As India’s millionaire club grows by 11%, the nature of philanthropy in India is changing

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By Smita Ram

Back in 2008, when I co-founded Rang De, not many believed that all of us could come together and contribute to a social cause. Most reasoned that ‘roti, kapda, makaan’ were the chief concerns of every Indian household. One could not possibly spare cash for a startup that wanted to help rural India establish sustainable businesses.

As India grew exponentially over the past decade, so has incomes and charitable initiatives. Benefitting from the march towards progress, India’s citizens have become much more inclined towards philanthropy and are eager to extend a helping hand to their counterparts in rural India.

Each year, India’s millionaire club grows by 11%, almost double the numbers from a decade ago. A key contributing factor to this occurrence has been the development of an ecosystem that is conducive to entrepreneurship. In 2016 alone, 924 startups received funding from local and international sources, creating rapid advancements on the technological, medical, financial and retail fronts. Consequently, this has helped increase the average household income increase exponentially, especially among the middle and upper classes.

Particularly, the philanthropic sector in India has benefitted from rising incomes, as socially-conscious Indians accounted from the most number of philanthropists across the world. Simultaneously, there was a shift from secular to non-secular giving.

Not only individuals, but companies are also beginning to realize the need to partake in the development process of the country. The 2013 amendment to the Companies Act mandated large companies to spend at least 2% of their average net profit for the last three financial years on CSR activities – another factor that played a major role in thrusting philanthropy rates in India.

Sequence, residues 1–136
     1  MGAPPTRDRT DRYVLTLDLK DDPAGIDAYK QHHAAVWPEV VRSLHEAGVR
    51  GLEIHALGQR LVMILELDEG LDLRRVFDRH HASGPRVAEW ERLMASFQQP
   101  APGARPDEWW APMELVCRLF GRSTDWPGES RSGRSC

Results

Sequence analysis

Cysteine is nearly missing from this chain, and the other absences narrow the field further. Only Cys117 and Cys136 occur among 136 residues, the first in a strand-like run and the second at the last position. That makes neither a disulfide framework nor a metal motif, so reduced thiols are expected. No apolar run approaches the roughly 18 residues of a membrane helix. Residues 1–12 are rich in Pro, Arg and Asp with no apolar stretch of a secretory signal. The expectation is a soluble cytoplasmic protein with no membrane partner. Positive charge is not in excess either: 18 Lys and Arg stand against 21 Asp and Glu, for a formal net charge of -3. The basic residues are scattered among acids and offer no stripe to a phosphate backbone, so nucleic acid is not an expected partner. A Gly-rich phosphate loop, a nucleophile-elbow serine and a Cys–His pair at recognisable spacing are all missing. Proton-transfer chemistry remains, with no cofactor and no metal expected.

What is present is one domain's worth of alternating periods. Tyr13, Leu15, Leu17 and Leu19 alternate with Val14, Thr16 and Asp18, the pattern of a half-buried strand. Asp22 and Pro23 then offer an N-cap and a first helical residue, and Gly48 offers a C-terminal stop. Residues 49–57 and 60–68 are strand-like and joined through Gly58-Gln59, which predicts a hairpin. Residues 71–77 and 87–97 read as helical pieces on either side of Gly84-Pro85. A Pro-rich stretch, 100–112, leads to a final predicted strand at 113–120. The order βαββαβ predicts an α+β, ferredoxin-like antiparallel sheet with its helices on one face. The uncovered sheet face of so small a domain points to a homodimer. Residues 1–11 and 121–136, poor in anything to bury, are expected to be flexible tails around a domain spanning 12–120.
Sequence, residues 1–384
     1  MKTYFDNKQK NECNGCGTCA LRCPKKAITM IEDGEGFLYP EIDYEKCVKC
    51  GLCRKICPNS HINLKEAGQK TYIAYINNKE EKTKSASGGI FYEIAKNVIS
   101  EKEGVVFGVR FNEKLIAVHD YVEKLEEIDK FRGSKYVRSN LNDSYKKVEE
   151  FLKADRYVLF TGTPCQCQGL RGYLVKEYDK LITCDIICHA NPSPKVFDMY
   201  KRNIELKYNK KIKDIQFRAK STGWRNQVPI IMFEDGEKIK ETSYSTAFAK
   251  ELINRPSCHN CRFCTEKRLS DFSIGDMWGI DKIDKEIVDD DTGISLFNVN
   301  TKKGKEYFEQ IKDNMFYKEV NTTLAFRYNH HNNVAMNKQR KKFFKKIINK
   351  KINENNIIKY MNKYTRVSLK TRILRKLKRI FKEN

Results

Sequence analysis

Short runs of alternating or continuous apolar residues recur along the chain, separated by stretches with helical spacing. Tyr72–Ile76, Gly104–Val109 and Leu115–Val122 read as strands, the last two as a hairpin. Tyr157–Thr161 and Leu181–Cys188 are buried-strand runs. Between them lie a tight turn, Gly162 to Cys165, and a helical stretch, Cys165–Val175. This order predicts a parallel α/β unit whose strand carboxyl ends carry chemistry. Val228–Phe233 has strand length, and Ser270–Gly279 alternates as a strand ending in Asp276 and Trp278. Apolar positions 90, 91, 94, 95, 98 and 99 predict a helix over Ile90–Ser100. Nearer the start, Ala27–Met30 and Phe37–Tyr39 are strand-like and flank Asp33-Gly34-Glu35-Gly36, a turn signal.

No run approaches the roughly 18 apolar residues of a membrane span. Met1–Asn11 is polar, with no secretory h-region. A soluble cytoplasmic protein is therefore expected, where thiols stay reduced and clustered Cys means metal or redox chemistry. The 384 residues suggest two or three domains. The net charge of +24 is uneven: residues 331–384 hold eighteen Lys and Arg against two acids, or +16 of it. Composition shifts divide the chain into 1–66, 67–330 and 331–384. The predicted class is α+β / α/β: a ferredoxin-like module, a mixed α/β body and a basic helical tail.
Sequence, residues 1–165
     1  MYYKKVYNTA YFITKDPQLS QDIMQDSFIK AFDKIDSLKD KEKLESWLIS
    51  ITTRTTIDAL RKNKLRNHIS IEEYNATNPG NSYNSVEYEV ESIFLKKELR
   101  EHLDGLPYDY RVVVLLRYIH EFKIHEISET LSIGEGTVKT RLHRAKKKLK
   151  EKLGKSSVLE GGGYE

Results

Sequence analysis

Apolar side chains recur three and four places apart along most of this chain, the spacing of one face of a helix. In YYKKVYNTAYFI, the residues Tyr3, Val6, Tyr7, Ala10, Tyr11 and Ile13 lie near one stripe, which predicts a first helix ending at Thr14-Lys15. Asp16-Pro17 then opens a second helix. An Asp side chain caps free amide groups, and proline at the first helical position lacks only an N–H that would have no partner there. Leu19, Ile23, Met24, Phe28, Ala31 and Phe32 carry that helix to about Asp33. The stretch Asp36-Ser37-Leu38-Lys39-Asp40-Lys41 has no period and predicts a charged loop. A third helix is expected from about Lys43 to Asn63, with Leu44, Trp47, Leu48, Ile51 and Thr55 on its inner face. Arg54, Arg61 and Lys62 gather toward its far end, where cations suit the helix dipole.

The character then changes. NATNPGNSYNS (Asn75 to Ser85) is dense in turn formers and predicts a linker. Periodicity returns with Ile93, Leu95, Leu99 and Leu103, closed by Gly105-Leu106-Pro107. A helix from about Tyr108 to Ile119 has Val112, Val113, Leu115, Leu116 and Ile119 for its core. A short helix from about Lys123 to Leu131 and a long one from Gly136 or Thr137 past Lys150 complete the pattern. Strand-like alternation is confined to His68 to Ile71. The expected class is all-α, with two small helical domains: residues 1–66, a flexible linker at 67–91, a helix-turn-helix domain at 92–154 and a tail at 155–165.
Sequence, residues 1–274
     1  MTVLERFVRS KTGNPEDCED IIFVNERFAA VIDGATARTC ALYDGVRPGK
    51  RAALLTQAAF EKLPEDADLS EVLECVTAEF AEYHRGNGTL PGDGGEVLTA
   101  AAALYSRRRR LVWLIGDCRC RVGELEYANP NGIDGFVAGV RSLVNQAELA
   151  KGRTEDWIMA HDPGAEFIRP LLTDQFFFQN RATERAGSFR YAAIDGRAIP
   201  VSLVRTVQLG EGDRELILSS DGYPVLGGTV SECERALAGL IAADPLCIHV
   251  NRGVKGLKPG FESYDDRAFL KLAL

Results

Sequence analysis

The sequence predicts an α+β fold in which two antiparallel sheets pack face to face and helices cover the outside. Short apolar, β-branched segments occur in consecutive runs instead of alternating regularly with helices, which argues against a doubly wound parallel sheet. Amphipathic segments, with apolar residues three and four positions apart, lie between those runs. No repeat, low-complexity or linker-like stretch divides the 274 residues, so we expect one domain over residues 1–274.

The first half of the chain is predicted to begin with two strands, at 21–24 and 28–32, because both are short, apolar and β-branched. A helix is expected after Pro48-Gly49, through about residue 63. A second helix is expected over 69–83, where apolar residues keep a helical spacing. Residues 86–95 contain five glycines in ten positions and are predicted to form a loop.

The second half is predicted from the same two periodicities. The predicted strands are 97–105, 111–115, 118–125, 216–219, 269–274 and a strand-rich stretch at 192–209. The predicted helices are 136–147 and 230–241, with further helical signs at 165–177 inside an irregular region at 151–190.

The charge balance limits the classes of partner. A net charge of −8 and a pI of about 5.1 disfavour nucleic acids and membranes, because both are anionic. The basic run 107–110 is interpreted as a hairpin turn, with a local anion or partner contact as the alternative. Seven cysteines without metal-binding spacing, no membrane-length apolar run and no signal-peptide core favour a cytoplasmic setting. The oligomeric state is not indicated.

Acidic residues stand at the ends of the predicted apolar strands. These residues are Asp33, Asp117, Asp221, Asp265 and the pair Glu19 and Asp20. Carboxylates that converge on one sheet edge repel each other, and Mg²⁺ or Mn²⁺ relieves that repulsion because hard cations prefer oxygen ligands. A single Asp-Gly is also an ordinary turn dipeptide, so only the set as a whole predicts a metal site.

While previously we only had access to local concerns, we are now instantaneously aware of problems in other parts of the country. The Internet has played a significant role as well as we are now connected like never before. A powerful example is the manner in which the #ChennaiRains and #ChennaiFloods trended on Twitter towards the end of 2015.

Many Indians travelled across the country to volunteer in the city’s disaster relief efforts. Crowdfunding efforts enabled NGOs, non-profits and even individuals to raise money to buy basic necessities for those affected by the floods.

This was a prime example of achieving social good by working together and using the internet. Another instance where the Internet has been an effective catalyst in increasing philanthropic efforts in India, is the Facebook group called “Let’s Feed Bengaluru” which has provided over 30,000 free meals in less than a year since they began their work in October 2015.

It is heartening to see that working towards the well-being of others is increasingly becoming the norm. Earlier, philanthropy was believed to be only for the wealthy, but there has been a shift in the mindset. Technology has only helped make this easier and equipped individuals with the power of mass media.

One of our benevolent investors, a software engineer in Raleigh, created an online campaign to rally funds on our behalf and raised Rs 63.5 lakhs over four years. It didn’t take expensive fundraisers or advertising campaigns, it just took one man who decided to pick up the phone and make over 700 calls to get people involved in the fight against poverty. Another lender on our platform walked 400kms across Rajasthan to raise funds for a weaving community in Jaisalmer. From just two people in Pune who lent to a tiffin stall owner in Nagpur on our platform, we now have over 10,000 individuals contributing to individuals all over India.

Where no contribution is too little, people have come together to give social change a chance. The fact that they are contributing micro-credit instead of donating the funds lowers the barrier to entry as well.

A year on from the launch of Startup India, we are happy to see India booming in across cities. But it is the smaller startups in rural areas – be it a weaving business or a small grocery store in a hamlet – that deserve more support. And, I am happy to see this much required support coming in from India’s cities.

I hope this trend continues and philanthropy backed by technology continues to grow in the next ten years. The rest of India stands to benefit in the end.

(The author is the co-founder of www.rangde.org, a P2P lending platform established on Republic Day 2008 that connects lenders to individuals from low-income communities across 17 states in India.)

(Economic Times)

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